Bruce Kemp: I love to both write and shoot. It’s like the old saw “a change is as good as a rest” and that doubly applies for creativity. I only wish I could also paint and compose music. I make a full-time living from the arts so I pay attention to what is being published by other writers and photographers. Their styles are fodder for my considerations as are their subject choices. But so is my addiction to the news. My forty-year career has been made possible by this.
Who inspires me? I think, in terms of photography, it was most of the old Life Magazine photographers who inspired me. They were story-tellers with their cameras. Henri Cartier-Bresson and W. Eugene Smith had a huge impact on me for their photo essays. Also, the Depression-era and Vietnam shooters taught me the need for socially responsible photojournalism. Photographers like Edward Weston and Ansel Adams made the cut for me because of their total understanding and command of light. Yousuf Karsh is a portrait photographer who sets my world on fire with a desire to make great photographs of people – as is Irving Penn. I am not a big rock, stick and water guy.
As far as writing goes, Pablo Neruda, Dylan Thomas, William Shakespeare and Walt Whitman are my go-to poets – and I am trying to expand that. Brian Friel and Tom Stoppard are my current favourite modern playwrights (although I make an annual pilgrimage to Stratford to indulge my lust for Billy’s work). For non-fiction, I’ve enjoyed Thomas Cahill’s Hinges of History series and he continually teaches me about the importance of good and accurate research with fact-checking as does Simon Winchester. Needless to say Donald Trump is not on my list. Anything by Bill Bryson because I admire a writer who can take an everyday situation and make me laugh until I wet my pants. My fiction influences are wide-ranging. When starting my career I admired the historical fiction of Leon Uris and James Clavell. These two informed my first novel – Letters From A Fugitive’s Son. Many of Ernest Hemingway’s novels and short stories helped to shape my own language skills through his sparse, but accurate prose. Also, I crave to write with a sense of place like Laurie Lee. Contemporary fiction finds only a minor place on my bookshelves because there is so much great writing through the ages. I am just trying to catch up with Homer, Donne, Dickens, Twain, and all the rest. What I really mean to say is that I love writers who love the language and their stories more than I necessarily like the latest trends.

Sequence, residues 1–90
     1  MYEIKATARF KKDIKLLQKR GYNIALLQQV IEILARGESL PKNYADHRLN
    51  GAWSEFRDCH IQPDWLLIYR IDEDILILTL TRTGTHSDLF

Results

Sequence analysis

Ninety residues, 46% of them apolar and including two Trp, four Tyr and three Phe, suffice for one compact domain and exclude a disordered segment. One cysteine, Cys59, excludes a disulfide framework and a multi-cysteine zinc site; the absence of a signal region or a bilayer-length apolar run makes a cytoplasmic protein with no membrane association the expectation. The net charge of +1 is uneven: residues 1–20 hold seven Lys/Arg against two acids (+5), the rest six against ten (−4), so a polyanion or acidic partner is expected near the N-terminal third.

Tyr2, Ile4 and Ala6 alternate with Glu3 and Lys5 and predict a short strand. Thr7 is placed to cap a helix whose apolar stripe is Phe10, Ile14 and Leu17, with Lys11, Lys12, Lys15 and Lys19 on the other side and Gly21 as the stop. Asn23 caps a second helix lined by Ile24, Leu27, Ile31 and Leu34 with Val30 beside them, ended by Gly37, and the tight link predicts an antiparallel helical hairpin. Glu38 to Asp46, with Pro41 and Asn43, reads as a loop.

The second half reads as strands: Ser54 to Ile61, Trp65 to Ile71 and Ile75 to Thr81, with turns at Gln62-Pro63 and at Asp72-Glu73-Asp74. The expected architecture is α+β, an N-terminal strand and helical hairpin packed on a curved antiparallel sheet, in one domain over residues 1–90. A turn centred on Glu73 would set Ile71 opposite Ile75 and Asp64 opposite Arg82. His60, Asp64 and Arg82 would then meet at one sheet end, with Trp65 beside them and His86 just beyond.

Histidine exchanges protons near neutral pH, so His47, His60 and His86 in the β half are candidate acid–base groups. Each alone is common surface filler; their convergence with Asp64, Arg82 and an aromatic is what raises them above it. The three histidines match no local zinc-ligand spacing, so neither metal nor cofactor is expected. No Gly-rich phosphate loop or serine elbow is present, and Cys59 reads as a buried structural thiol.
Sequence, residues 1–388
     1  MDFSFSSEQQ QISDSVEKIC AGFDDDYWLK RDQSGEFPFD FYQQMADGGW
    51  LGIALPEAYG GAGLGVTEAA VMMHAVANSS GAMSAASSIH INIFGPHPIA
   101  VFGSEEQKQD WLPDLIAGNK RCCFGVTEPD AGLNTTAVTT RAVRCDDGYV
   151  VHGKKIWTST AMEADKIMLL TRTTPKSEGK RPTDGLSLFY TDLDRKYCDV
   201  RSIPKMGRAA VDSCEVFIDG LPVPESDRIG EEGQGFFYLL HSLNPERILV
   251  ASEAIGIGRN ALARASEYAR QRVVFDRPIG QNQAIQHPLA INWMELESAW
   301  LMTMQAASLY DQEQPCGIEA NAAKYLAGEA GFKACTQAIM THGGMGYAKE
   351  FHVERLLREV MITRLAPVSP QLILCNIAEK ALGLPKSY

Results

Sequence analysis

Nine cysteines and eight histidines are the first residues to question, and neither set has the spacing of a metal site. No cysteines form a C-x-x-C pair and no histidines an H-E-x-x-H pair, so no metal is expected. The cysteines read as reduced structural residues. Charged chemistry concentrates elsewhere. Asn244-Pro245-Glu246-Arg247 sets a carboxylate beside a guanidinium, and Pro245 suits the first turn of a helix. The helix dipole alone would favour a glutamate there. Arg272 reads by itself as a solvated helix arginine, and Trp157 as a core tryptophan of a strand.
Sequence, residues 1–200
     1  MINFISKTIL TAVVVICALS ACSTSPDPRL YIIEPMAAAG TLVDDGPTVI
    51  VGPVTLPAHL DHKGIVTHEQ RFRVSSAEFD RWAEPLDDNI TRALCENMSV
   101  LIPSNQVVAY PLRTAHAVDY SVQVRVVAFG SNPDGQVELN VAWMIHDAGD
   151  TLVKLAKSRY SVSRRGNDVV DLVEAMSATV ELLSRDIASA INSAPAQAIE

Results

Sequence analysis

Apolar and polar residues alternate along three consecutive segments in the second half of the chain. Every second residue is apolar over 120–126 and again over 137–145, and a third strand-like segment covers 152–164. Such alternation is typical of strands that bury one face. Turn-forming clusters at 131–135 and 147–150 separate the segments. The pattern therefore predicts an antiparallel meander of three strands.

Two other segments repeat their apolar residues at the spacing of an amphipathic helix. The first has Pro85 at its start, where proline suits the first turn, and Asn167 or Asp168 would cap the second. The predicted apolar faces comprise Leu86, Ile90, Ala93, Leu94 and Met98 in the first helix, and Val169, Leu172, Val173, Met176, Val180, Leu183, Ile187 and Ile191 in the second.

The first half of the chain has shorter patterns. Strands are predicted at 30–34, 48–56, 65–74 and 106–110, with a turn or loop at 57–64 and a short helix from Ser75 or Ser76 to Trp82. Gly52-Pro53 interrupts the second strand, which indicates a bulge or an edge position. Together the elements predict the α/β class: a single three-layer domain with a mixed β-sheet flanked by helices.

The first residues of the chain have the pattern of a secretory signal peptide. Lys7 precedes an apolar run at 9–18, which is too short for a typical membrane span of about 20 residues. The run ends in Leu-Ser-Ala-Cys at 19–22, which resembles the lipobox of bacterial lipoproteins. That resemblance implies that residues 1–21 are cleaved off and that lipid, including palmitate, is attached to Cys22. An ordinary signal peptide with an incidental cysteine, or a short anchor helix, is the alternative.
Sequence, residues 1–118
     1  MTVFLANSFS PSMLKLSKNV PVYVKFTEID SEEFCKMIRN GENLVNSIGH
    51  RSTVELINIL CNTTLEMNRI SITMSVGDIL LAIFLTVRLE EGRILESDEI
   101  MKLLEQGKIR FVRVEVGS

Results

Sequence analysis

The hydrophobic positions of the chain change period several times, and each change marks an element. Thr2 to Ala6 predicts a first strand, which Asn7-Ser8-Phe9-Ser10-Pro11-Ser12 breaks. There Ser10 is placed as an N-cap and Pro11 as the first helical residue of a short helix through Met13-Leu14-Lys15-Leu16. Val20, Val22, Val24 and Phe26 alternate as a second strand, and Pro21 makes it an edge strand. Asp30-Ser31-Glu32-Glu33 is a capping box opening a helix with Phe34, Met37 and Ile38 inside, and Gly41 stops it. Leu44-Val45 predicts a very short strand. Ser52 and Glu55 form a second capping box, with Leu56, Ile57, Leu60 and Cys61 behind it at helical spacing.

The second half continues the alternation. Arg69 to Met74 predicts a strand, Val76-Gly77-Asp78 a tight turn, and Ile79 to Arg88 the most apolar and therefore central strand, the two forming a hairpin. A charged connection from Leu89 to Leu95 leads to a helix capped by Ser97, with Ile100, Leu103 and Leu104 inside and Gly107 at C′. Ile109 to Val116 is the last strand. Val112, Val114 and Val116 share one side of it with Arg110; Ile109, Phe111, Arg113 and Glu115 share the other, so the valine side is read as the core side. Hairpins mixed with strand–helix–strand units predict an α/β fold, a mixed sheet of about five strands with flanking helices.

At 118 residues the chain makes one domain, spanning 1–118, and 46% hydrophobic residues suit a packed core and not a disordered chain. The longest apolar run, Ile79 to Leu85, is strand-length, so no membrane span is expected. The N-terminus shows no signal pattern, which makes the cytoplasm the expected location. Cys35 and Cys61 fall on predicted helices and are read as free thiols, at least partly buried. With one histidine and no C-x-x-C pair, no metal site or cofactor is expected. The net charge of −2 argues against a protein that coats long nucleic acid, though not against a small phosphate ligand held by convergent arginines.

The interesting thing is that my photo influences have a profound impact on the things I write and my writing influences work with what I shoot. Don’t ask me to explain it. Hope this helps.
Laurie Carter: While I make part of my living as a magazine editor, I am a first and foremost a writer/photographer. For me, the two are inextricably entwined. When I photograph a subject, it is nearly always with an eye to complementing the written word; for a book or article already in progress or yet to be determined. Often my photographs help me to form the words, while the words I have in mind sometimes suggest the image I need to make. I also sell photographs separately to magazines and as fine art. I particularly enjoy the art images, as they give me an opportunity to experiment and develop my vision in the digital dark room.
I write with purpose, generally in the travel genre, though I started my career on mystery novels. My goal is always to inform as well as entertain and you’ll invariably get a history lesson when you read my work. Not surprisingly, I admire writers like Bill Bryson, Peter Mayle, Dona Leon and Michael Palin. Palin, in particular, who worked with brilliant photographer Basil Pao to create the companion volumes for his BBC documentaries, influenced the way I approached my current project, a trilogy about the travels and work of Emily Carr, titled Emily Carr’s B.C.
Emily herself is my greatest hero, for here is a peerless artist who also worked magic with the written word. Fully relevant today, her life forms a worthy role model for women, for artists, for writers, for anyone faced with the prospect of aging—yes, for us all. The other artists I most appreciate are Lawren Harris and Vincent Van Gogh (with whom Emily is frequently compared). I also greatly admire the contemporary work of photographer Edward Burtynsky and the pioneering work of photographer Geraldine Moodie.